I’ve never struggled with motivation to do cardiovascular workouts. I love walking and dance aerobics and if I’m feeling froggy I might even go for a run or go to a cycling class. But strength training bores me so I often fail to get in those two days of muscle strengthening activities that the U.S Department of Health and Human Services recommends we do each week. Until Pilates.

Pilates is a strength training activity I actually look forward to doing. I’m eager and determined to fit at least two classes into my schedule each week.

But for me, Pilates is more than a workout. It’s also an escape.

When I’m in class I can’t worry about work deadlines, family drama, or anything else because I’m focused on breathing and following the instructor’s cues. Outside of the Pilates studio I am the person everyone always turns to for help. In Pilates class, I relish getting help from the instructor as she assists me in positioning my body and equipment properly to perform the exercises safely.

Pilates time is my time.

Herbert says Pilates is a form of self-care for her as well and for many of her students too. She recalls one client, who was about 84 years old and did Pilates five days a week. Her husband was in the hospital, and she would visit him daily but still made time for Pilates.

“That was her sanctuary,” Herbert says.

Thanks to Pilates, I’m happier with who I am, but it has nothing to do with how I look.

“It’s the confidence that comes with performing an exercise that has always been an issue and you finally get it,” Herbert says.

I'll be 80 or 90 still doing Pilates. If I can't do anything else, I can always do Pilates and I can do it anywhere.
Sonja Herbert, founder of Black Girl Pilates

Join free Pilates classes compliments of AARP—right where you are!

If AARP’s Virtual Community Center is already one of your regular hangouts, you know that Pilates-based training for various ability levels is offered week after week. (It’s always a good idea to check in with your health care provider before starting a new exercise routine.) You don’t need to be an AARP member to register and enjoy these classes. Coming soon:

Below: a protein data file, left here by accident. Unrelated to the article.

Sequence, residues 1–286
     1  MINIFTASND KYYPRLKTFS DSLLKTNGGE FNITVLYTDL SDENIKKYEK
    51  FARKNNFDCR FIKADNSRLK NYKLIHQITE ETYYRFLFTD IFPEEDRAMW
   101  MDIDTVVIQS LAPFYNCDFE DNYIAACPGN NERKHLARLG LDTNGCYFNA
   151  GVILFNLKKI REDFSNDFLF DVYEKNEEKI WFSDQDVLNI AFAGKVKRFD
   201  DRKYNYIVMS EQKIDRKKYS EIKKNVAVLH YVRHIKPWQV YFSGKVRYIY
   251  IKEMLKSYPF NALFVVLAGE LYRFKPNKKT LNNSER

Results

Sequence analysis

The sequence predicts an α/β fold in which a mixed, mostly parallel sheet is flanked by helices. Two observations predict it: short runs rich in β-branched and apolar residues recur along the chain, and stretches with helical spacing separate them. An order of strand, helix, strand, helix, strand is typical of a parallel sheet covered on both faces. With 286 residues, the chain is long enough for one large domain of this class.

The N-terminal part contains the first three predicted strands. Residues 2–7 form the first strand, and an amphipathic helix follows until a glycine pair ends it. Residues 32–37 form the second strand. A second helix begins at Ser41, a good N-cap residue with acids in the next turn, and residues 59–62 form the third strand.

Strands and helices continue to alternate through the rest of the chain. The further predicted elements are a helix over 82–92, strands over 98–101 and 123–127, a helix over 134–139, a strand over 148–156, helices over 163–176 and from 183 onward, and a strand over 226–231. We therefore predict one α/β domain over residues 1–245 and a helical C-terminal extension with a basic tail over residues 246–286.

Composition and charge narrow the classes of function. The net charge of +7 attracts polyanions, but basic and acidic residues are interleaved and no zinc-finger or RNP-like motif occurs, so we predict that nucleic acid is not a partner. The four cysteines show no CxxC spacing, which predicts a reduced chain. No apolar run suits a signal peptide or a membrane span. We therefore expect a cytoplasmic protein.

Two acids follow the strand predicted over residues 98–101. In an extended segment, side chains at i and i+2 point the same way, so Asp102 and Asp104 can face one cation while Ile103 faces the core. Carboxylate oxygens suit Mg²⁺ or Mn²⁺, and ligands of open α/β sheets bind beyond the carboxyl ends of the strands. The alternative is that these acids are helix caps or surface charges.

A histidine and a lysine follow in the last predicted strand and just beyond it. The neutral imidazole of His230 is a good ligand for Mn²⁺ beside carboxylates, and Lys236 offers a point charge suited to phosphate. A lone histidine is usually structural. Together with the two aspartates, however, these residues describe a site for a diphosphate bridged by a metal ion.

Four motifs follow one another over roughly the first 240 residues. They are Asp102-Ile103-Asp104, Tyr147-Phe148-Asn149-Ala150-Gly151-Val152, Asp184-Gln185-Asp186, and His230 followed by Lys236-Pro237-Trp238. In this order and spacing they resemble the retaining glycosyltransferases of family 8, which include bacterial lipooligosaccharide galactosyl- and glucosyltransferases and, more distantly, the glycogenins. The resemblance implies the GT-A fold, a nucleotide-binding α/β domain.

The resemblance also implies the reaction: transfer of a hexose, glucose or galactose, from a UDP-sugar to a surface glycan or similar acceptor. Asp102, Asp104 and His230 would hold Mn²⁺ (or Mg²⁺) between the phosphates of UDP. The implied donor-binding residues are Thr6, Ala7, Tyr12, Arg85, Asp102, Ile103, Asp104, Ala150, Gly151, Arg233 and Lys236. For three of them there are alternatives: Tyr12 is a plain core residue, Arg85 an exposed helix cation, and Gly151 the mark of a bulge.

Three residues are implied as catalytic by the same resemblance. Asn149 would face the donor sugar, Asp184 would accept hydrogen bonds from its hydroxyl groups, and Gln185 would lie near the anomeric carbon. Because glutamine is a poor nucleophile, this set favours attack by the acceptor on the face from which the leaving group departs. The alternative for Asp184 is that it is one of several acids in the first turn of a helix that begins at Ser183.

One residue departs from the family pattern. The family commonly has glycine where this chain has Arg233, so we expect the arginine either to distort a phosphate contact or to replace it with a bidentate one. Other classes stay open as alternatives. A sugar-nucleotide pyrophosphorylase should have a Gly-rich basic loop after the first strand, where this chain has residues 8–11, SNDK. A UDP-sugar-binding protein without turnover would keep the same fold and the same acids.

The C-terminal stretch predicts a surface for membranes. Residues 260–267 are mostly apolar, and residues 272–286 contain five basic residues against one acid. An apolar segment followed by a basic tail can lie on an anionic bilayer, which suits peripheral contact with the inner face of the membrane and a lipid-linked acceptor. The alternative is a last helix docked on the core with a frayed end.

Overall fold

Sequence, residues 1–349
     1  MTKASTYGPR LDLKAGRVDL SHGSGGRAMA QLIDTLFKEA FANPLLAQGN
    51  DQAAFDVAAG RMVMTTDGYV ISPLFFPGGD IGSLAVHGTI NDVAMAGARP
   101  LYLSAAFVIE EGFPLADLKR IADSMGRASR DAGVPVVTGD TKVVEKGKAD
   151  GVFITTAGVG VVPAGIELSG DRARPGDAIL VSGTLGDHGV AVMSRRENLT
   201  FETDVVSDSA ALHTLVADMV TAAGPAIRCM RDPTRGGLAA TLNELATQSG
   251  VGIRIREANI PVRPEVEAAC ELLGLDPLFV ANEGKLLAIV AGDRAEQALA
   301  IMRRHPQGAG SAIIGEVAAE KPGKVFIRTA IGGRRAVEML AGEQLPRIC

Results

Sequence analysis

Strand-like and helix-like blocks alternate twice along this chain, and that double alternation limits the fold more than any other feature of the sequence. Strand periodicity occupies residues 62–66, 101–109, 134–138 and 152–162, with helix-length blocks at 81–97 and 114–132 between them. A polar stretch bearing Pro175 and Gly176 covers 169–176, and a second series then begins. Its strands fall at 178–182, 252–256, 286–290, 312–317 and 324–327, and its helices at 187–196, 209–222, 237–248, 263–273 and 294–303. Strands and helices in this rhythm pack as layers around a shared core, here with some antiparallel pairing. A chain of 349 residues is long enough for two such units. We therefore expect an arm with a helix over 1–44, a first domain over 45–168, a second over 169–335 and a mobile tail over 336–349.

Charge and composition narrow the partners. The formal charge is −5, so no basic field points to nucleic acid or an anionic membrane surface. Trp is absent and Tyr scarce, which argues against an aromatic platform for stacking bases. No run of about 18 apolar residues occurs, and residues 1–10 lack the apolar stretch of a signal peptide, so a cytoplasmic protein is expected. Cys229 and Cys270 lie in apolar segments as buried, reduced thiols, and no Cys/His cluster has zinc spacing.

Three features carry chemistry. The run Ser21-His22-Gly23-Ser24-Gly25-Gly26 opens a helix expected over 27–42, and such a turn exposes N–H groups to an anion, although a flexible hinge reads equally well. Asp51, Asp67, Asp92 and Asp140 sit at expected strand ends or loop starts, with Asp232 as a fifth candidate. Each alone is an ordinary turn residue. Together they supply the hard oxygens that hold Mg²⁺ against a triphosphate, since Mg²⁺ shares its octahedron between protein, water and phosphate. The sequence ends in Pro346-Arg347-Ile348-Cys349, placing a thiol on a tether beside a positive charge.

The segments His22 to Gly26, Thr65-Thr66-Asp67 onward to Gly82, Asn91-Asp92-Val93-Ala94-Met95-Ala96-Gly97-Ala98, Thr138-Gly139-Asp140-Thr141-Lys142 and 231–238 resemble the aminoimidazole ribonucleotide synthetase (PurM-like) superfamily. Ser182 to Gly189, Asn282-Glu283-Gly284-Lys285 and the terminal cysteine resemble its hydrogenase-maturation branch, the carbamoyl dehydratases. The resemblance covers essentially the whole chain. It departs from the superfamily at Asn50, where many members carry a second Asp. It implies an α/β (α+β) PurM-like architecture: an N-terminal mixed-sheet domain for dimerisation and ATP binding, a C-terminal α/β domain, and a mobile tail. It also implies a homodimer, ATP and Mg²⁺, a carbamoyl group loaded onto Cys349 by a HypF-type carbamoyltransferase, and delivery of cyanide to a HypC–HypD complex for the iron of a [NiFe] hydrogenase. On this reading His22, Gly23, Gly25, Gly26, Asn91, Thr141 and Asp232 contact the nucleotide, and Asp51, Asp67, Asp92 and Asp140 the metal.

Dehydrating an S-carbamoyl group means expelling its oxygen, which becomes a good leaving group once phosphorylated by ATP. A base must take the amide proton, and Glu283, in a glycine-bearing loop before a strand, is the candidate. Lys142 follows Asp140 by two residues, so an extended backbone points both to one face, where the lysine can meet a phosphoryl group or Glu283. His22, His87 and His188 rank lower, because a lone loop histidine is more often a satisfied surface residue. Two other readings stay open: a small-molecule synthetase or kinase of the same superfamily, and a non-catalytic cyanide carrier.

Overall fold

Tuesday, Nov 21, 2023

Yoga + Pilates for Strength and Balance
This class focuses on enhancing vitality and mental clarity, strength and balance.

Monday, Nov 27, 2023

Mindful Movement for Healthy Aging
Enjoy mindful movements from yoga, Pilates and functional medicine to improve your core strength, ease of movement and balance and help with achy feet, tight hips, low back pain, restrictions in mobility and more. You may also find you’re feeling less stressed and sleeping better!

Monday, Dec 4, 2023

40-Minute Pilates: Grounding and Balance
This is a beginner Pilates class and offers modifications for all fitness levels.

Your instructor will use a tennis ball and chair as props to help you find your optimal movement potential, so you aren't fighting against gravity. By the end of the class, the goal is that you will feel that your body moves more efficiently and freely.

You'll earn 500 points in the AARP Rewards loyalty program by attending this December class; points can be redeemed for discounted gift cards and other deals.  

Limber for a lifetime

If you’re interested in continuing your Pilates practice with in-person classes, Herbert suggests trying out a few different studios until you find the right fit.

“Some studios are not for everybody,” she says. “Do you feel like the teacher is paying attention to you as a new student? Are they giving you good cues? Are they telling you exactly what they want you to do? Is their pace something that you can keep up with?”

Herbert, who’s 54, has been teaching Pilates since 2007. She took her first Pilates class in 2006 and she’s confident the technique will always be a part of her life.

“I'll be 80 or 90 still doing Pilates,” Herbert says. “If I can't do anything else, I can always do Pilates and I can do it anywhere.”